Astronomers have discovered a vast collection of young galaxies in the early universe.
Astronomers have discovered a collection of young galaxies, stretching more than 489 million by 244 million light-years whose light has taken 12 billion years to reach Earth, one of the most massive structures known at that distance. This “protocluster,” a precursor to giant galaxy clusters near us such as the Coma Cluster, exists in a universe only 1.7 billion years old.
Modern-day galaxy clusters may contain thousands of galaxies drawn together by gravity. But while nearby clusters can be studied in detail, their early history and formation is not well understood. With the discovery of 65 galaxies in this faraway protocluster, scientists can witness its formation directly.
Measurements put this baby cluster at a mass of a thousand trillion Suns — already gigantic. “The protocluster will very likely grow into a massive cluster of galaxies like the Coma cluster,” said Kyoung-Soo Lee (Purdue University), in a press release. Clusters this massive are extremely rare, with only a handful of candidates known at such a young age. And it’s not just that they’re difficult to observe — they’re rare even in cosmological simulations.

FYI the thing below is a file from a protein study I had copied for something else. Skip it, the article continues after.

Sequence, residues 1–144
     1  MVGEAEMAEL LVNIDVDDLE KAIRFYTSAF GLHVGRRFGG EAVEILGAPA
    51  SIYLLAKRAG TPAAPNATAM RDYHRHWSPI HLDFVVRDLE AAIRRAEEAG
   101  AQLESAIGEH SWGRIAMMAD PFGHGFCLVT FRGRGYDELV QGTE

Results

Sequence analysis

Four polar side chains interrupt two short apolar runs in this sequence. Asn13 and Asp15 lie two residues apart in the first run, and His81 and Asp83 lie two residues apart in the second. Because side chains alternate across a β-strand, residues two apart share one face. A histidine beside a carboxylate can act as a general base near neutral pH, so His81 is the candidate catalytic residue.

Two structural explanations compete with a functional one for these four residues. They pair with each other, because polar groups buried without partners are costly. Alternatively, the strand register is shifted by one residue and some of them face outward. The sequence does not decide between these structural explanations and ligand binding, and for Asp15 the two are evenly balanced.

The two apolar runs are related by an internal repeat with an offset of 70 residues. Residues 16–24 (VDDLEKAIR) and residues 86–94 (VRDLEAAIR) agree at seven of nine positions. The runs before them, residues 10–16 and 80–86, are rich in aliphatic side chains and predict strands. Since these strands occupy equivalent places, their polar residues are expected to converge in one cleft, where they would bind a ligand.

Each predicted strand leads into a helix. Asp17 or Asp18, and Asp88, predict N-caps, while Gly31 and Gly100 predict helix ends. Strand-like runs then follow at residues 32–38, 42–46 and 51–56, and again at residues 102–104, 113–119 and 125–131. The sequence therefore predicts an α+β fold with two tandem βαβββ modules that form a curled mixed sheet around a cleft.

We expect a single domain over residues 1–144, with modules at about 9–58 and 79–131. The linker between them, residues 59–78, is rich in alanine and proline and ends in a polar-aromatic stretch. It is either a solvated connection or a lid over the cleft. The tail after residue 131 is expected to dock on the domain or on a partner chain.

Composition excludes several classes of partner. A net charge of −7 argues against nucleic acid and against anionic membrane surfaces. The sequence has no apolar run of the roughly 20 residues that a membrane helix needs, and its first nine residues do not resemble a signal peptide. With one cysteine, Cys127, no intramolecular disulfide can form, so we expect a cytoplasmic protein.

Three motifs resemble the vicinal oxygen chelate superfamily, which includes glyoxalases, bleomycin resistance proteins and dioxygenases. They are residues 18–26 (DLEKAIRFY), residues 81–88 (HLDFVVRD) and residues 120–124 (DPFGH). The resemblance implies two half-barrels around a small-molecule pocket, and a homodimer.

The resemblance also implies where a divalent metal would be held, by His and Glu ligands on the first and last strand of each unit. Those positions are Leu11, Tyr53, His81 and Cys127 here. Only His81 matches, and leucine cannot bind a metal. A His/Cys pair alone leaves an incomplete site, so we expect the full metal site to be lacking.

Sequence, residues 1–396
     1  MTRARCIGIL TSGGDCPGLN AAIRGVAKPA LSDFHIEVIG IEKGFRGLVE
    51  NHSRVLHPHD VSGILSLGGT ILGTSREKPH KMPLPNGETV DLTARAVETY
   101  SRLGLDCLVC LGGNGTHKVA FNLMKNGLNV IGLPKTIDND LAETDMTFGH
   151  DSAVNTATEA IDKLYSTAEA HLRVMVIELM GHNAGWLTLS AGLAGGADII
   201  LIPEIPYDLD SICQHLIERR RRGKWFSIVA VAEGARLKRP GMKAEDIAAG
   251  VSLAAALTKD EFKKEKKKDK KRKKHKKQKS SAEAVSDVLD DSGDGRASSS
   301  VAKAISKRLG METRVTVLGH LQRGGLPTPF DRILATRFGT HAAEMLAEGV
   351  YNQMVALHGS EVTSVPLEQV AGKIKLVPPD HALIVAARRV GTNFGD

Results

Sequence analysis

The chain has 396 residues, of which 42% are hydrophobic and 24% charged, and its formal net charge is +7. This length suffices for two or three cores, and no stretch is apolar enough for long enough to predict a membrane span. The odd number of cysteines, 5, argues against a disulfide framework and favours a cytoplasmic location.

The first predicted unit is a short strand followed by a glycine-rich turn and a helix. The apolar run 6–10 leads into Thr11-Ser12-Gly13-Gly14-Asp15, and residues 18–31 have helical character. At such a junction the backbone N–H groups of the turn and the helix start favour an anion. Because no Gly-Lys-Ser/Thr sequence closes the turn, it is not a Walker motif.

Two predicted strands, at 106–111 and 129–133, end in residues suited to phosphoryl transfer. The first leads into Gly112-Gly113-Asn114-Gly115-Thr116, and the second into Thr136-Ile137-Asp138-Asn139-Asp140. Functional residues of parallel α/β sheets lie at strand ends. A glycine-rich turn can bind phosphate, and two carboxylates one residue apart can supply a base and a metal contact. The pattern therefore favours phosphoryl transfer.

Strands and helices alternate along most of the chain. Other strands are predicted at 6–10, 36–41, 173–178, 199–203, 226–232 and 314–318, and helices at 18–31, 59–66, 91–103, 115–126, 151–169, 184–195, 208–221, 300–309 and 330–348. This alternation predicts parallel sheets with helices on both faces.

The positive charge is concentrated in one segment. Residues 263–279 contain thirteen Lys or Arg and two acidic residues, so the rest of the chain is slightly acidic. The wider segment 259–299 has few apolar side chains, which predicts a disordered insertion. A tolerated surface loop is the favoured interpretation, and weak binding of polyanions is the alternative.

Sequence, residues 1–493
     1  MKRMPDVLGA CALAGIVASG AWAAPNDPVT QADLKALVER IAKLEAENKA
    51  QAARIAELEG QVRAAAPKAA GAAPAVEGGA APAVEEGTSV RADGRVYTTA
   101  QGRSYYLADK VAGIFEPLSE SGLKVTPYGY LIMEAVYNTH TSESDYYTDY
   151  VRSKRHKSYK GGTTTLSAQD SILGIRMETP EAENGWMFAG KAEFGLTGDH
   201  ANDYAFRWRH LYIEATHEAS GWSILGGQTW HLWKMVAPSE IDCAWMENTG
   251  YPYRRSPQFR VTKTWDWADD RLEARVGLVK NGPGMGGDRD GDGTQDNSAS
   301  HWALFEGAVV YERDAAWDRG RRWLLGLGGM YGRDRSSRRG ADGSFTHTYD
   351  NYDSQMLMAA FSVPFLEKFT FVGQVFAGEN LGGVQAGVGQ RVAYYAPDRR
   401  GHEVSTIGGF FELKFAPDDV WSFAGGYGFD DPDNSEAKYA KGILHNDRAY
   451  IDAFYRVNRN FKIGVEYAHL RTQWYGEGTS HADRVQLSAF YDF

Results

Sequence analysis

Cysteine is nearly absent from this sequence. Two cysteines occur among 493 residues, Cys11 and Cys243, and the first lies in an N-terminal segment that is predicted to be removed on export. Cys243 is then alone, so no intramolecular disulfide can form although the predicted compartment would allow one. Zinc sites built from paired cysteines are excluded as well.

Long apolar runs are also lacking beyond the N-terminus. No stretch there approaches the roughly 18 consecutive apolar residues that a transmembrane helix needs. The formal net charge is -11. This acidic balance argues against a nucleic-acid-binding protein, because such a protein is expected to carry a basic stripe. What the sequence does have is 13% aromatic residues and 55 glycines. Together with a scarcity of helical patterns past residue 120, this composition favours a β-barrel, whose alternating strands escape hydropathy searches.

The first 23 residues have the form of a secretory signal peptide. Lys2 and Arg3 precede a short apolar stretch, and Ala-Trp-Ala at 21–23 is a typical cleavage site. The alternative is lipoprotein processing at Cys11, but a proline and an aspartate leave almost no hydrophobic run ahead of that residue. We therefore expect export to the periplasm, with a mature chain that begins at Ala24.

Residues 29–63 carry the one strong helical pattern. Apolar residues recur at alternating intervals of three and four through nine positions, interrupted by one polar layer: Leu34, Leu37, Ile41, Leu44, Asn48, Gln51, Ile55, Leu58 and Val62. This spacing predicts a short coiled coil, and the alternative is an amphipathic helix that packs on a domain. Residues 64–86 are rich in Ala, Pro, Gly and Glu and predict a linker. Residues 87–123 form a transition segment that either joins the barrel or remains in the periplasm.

This system was the first to be confirmed using extensive spectroscopy. The team first obtained very deep images of a small patch of sky, about the size of two full Moons, using the Mayall telescope on Kitt Peak. Then they used the Keck II Telescope on Mauna Kea to measure the distance to the faint galaxies within the patch, to determine which galaxies live close to each other and which are chance alignments.
“Many of the faint galaxies in this patch lie at the same distance,” says Arjun Dey (National Optical Astronomy Observatory). “They are clumped together due to gravity and the evidence suggests that the cluster is in the process of forming.”
The team is now searching larger areas of the sky to uncover more examples of young and massive protoclusters. “The discovery and confirmation of one distant and massive protocluster is very exciting,” says Naveen Reddy (University of California at Riverside), “but it is important to find a large sample of these so we can understand the possibly varied formation history of the population as a whole.”
If astronomers can find even more clusters at these kinds of distances, their prevalence can help constrain the size and expansion history of the universe.
This discovery was reported in the Astrophysical Journal (full text here); also read more information in the NOAO press release.
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